By Scott MacClelland
YMM’S DISCOVERY OF CENTRAL ASIA
RARITIES PREVAILED during the Youth Music Monterey County spring concert on Sunday. Its eight-member brass ensemble, directed by Alex Bedner, opened the show with pieces by 16th century Tylman Susato, composer and music publisher from Antwerp. Then the Junior Youth Orchestra, 12 South County Strings (from remote Bradley and San Antonio school districts thanks to John Thomas Fritz and Kelly Stuart respectively) and the nearly full-sized Orchestra in the Schools, whose director is James Paoletti, were conducted by YMMC music director Farkhad Khudyev in a movement from Tchaikovsky’s Second Symphony. (I don’t think they could have put one more player on the Sunset Center stage.)
The two guest groups then retired and the strings of the Junior Youth Orchestra accompanied 12-year-old Justin Khoi Vu (left) who fearlessly performed the one-movement Violin Concerto in A Minor of 1868 by one Jean-Baptiste Accolay. (With almost no documentation to verify the composer’s existence, many have conjectured that the name was a pseudonym used by Henri Vieuxtemps for his pedagogical works.) The strings of the orchestra sounded under-rehearsed. But the following two movements from Turkish Fragments by Ippolitov-Ivanov, with the winds, brass and percussion restored, was a flat-out success and sounded a perfect fit for an orchestra of this level.
The YMMC Chamber Players string quartet, coached by Erica Horn, gave a fully professional account of Hugo Wolf’s Italian Serenade, a work that is not at all as simple to play as it is felicitous on the ear.
After Khudyev made comments about the remainder of the program, the senior Honors Orchestra broadly played Borodin’s popular In the Steppes of Central Asia, followed by the surprise piece of the day, the US premiere of Symphonic Pictures Turkmenistan by the short-lived Turkmen composer, Nury Halmamedov, who dazzled his teachers at the Moscow conservatory with it at the age of 23. Dazzle is the right word. This was clearly the work of a tremendously gifted musician. Each of its five movements displays a range of moods, from sorrow to joy, all skillfully drawn under Khudyev’s ever-sensitive control. In addition to its protean moods were all manner of orchestral effects, startling rhythms and sophisticated ‘local’ colors. One of the movements was played in a quick 5/4 meter. Exotic effects came from all quarters of the orchestra, including harp, tambourine, suspended cymbal and saxophone. The performance was fabulous and Khudyev singled out for credit a dozen individual members of the orchestra during the standing ovation at its conclusion.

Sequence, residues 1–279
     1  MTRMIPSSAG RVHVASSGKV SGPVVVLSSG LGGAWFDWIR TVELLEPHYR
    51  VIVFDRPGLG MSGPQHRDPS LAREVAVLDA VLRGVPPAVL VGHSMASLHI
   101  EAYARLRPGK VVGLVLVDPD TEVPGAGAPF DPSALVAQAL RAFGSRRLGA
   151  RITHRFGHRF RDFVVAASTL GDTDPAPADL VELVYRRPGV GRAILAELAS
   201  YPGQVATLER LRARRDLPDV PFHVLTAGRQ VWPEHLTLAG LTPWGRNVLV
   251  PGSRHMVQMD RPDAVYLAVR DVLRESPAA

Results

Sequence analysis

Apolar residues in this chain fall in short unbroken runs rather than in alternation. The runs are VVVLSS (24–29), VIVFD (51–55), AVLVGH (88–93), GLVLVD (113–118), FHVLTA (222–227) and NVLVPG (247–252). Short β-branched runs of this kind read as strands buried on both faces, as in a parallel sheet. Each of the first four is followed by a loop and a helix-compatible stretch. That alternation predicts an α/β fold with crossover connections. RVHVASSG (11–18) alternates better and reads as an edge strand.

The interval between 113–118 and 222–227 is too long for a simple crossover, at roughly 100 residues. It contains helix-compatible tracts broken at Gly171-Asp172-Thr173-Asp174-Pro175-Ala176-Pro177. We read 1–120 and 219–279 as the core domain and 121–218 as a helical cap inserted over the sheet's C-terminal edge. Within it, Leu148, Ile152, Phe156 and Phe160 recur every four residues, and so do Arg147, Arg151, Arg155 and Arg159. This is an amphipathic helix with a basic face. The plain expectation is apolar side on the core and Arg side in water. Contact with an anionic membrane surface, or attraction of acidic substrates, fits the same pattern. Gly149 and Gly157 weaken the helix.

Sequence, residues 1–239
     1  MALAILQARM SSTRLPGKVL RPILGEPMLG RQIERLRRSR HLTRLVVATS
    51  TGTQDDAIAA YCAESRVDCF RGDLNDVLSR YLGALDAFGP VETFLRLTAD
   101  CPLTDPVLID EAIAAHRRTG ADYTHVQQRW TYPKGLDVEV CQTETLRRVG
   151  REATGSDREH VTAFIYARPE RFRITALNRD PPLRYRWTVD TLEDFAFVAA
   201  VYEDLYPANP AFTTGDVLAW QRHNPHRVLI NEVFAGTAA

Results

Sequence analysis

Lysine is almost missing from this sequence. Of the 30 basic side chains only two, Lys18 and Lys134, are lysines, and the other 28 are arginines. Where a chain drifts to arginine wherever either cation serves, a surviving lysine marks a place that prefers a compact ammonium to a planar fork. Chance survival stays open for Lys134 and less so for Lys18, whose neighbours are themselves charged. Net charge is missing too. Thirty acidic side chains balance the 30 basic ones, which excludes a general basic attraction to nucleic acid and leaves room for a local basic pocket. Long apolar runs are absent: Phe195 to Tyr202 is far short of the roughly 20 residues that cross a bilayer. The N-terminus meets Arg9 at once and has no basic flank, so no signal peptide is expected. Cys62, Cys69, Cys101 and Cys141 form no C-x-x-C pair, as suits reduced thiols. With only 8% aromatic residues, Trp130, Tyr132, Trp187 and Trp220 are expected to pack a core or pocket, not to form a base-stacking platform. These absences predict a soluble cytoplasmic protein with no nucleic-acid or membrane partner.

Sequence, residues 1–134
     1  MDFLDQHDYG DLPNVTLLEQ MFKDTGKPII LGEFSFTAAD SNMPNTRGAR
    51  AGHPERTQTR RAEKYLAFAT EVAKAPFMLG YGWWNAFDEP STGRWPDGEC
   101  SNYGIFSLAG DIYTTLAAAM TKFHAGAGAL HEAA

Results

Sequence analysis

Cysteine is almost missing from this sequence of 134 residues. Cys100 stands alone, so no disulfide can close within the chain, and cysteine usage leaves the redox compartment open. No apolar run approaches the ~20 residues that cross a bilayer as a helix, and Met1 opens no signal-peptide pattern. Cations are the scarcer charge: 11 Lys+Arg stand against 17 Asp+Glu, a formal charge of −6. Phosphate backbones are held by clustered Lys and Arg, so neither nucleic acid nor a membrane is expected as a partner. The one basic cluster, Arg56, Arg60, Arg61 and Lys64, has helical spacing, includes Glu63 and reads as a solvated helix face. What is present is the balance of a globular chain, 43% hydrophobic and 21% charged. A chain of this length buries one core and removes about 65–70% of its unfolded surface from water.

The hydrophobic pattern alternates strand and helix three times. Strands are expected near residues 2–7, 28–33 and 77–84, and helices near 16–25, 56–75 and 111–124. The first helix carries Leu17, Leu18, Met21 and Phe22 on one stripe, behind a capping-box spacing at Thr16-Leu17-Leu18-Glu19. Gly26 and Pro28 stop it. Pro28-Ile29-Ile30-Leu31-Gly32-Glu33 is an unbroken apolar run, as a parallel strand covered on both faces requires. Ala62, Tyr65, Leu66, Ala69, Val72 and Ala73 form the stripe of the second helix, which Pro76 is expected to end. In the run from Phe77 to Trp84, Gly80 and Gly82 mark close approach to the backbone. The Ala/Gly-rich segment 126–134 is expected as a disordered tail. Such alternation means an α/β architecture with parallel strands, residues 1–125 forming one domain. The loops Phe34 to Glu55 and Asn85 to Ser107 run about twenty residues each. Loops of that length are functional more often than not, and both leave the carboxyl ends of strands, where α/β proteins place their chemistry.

ENSEMBLE MONTEREY CONDUCTOR John Anderson made it clear that he’s been itching to produce the Handel oratorio Israel in Egypt for most of his adult life. The work was first performed in London in 1739 and opened with an original first section, The Ways of Zion do Mourn, that was later deleted. Anderson used the 90-minute revised version. For the production, heard Saturday in Carmel, Cheryl Anderson’s Cantiamo! 41-voice chorus joined the enlarged 21-piece orchestra that added trombones, drums, trumpet, winds and keyboards to the core string ensemble. When all forces were engaged the sound filled every corner of All Saints Church.
The two parts of the oratorio that remain are titled Exodus and Moses’ Song. The text draws primarily on the book of Exodus, and adds passages from various psalms. While one can be amazed at the composer’s variety of effects in Moses’ Song, the first part is the more entertaining for all the tone painting depicting the Plagues of Egypt.
After a recitative set-up and a double chorus crying out to God by the oppressed Israelites, a vigorous fugue portrays the Egyptians loathing to drink water now turned to blood. The violins then hopped like frogs as the baritone described the scene in an aria, which went on to list the pestilence that afflicted men and beasts alike. A heraldic double chorus with trombones cited the flies, lice and locusts, with the violins now the buzzing flies. Beginning with a few raindrops on the violins, the chorus and full orchestra, including timpani, delivered ‘hailstones for rain’ and ‘fire mingled with the hail.’
Moses’ Song texts go over the events following the Red Sea crossing repetitiously, like so many rosary beads. Yet Handel keeps coming up with surprising musical combinations. Sandwiched between a noisy pair of double choruses was a most lovely and intimate duet for sopranos, harpsichord and strings. A duet for bass voices was set over a dotted rhythm for orchestra including winds. A coloratura tenor aria made jaunty fun in 3/8 time of the now-lost enemy’s threats. For the following soprano aria describing the wind across the sea driving the Egyptians to their watery graves only the winds of the orchestra were heard. Staccato dotted-rhythm strings gave the triumphant chorus “The people shall hear” added intensity, followed immediately by the pastoral 3/8 meter alto aria “Thou shalt bring them in.” The piece ended with a soprano solo, double chorus and full orchestra, fugal and with much coloratura all round.
Eleven members of Cantiamo!, of varying degrees of skill and experience, took solos and/or duets. Vanessa Yearsley stood out among them for her beauty of tone, polish and projection.
(Until a few years ago, two and half minutes from Israel in Egypt dated 1888 was thought to be the earliest audio recording. As you might imagine, it’s very scratchy.)